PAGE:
BENGALURU: Much before Swachh Bharat became a household name, thanks to the publicity and cyber campaigns, one woman has been quietly working as a crusader for cleanliness in one of the hinterlands of Karnataka.
Bhavya Rani, 30, has been on a mission for the past six years to make a gram panchayat in Tumakuru open defecation-free, with almost no support from the government. At an age when youngsters struggle to find a decent job, she quit her well-paying one to create awareness about sanitation in Shettigondanahalli Gram Panchayat of Turuvekere Taluk in Tumakuru district.
Hailing from Ananthady in Bantwal in coastal Karnataka, Bhavya completed her Master of Social Work degree from Alva’s College in Moodbidri. She began her career working for Swasti, an NGO in Bengaluru. In 2010, she happened to visit a village in Tumakuru for the wedding of her friend’s sister, which changed the course of her career and life.
She quit her job and started working in one of the villages in Shettigondanahalli Gram Panchayat that comprises 24 villages. After much ground work, Bhavya, with her `2 lakh savings and family support, bought all the necessary materials sufficient to build about 100 toilets. And as they say charity begins at home, she built the first toilet in the house where she was staying.
“The village was beautiful but I was horrified to see open defecation still being practised there. Coming from a place where cleanliness and sanitation are given utmost importance, I started wondering why these people were unaware of the need of basic facilities. There was zero knowledge about government schemes among the villagers.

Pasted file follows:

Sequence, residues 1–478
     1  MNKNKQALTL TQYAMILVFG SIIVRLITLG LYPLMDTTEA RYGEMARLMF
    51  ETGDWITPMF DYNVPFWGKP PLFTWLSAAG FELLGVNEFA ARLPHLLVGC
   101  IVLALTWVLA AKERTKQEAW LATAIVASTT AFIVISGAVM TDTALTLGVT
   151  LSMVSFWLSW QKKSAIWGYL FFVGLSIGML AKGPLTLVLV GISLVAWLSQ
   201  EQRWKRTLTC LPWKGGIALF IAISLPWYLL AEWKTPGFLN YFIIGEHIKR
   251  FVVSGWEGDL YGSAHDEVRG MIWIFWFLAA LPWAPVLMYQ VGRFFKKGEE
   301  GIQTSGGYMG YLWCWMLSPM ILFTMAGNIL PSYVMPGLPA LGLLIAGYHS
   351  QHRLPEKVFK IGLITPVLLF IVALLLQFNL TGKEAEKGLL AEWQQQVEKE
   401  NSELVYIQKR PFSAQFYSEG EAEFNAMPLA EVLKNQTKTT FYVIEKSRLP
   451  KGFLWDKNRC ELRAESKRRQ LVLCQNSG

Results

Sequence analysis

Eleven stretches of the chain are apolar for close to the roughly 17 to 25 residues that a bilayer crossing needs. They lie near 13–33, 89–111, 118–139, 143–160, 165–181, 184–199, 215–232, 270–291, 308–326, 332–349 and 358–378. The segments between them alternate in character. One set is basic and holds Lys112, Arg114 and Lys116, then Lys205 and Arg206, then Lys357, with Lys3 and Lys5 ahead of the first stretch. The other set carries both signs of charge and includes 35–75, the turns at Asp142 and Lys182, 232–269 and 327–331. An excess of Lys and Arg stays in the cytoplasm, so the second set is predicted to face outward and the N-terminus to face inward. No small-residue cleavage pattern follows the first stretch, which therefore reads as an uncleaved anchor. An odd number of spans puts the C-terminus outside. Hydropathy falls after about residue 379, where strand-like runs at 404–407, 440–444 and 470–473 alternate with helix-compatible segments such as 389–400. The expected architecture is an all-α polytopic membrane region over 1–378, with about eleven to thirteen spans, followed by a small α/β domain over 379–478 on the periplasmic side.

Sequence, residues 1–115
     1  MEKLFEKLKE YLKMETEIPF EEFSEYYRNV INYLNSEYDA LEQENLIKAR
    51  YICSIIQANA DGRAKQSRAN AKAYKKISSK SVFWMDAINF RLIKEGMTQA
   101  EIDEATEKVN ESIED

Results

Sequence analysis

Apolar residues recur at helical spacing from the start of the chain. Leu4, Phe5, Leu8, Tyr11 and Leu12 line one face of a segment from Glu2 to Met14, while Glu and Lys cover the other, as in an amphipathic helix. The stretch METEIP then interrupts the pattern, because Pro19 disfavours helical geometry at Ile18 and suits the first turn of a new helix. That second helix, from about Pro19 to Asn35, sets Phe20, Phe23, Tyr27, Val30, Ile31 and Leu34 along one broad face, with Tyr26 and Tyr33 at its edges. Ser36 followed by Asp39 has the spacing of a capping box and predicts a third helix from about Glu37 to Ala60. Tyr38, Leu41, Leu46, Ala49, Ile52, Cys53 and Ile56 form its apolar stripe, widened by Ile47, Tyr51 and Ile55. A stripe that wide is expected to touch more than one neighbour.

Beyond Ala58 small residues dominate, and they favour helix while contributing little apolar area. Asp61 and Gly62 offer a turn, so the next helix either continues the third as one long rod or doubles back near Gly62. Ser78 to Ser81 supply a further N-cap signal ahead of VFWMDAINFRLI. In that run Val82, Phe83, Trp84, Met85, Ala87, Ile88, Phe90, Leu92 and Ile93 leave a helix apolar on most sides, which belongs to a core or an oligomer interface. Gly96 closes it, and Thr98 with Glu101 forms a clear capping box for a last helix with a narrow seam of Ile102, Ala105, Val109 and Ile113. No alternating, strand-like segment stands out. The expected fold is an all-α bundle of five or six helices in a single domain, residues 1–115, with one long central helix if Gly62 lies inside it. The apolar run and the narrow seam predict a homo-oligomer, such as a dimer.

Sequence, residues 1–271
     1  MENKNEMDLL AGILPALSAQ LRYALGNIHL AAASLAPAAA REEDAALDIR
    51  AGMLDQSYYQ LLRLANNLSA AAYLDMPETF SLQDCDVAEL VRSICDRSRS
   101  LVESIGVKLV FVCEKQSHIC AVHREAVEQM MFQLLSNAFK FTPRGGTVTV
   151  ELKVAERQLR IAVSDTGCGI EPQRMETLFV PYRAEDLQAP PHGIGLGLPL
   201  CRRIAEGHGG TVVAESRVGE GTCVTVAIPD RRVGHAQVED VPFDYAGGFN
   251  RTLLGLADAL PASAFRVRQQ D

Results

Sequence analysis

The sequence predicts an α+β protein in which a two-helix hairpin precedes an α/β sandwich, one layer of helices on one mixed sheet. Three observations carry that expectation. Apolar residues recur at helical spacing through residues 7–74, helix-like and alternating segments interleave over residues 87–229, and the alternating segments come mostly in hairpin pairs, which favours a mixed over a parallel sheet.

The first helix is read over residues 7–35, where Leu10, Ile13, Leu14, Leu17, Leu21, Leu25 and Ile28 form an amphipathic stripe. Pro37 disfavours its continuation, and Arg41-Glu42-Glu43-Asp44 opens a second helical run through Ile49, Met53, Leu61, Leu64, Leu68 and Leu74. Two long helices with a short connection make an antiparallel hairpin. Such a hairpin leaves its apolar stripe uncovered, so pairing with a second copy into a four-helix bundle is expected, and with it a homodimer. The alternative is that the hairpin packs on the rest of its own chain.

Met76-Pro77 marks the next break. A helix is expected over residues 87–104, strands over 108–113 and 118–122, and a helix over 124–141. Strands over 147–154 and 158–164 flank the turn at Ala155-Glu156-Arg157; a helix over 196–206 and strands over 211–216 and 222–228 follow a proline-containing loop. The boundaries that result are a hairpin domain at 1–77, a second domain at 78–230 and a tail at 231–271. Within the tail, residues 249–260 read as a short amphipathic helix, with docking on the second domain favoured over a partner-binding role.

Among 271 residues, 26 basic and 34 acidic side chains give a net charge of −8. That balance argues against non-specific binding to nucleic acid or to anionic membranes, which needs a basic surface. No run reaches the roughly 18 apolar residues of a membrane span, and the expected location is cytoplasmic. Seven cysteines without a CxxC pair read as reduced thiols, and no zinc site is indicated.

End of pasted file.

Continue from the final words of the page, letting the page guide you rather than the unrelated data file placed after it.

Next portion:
Hence, I decided to take up the responsibility and dedicate my life to the mission of cleanliness,” says Bhavya. Over the last six years, Bhavya has helped build 443 toilets in Shettigondanahalli. Currently, the region has 1,343 houses of which 884 houses still do not have toilets.
Hurdles failed to deter Bhavya
It hasn’t been an easy journey for Bhavya. “Back in 2010, only eight of about 1,280 houses in the region had toilets. Apart from building toilets, changing the villagers’ mindset to use them was a tedious task. Open defecation is an age-old practice. Convincing villagers to construct and use toilets consumed more time,” she recalls.
Initially she ran from pillar to post seeking help from the government and Gram Panchayat but nothing came of it. “That is when I decided to do it on my own. PM Narendra Modi branded Swachh Bharat and prior to that, there were initiatives like Nirmal Bharat Abhiyaan and others. Government provides `12,000 (for General Category) and `15,000 (for SC/ST) to build toilets but since it involves a lot of paper work, many people, especially villagers, don’t come forward. There is no awareness too,” she said, adding, “That is where people like you and me should come out to fill the gap.
The Centre wants to make India open defecation-free by 2019. But without support from educated people, it is impossible.”
Bhavya has another mission: “I want to create a model Gram Panchayat with my efforts, which can inspire individuals and officials concerned to take up similar initiatives.”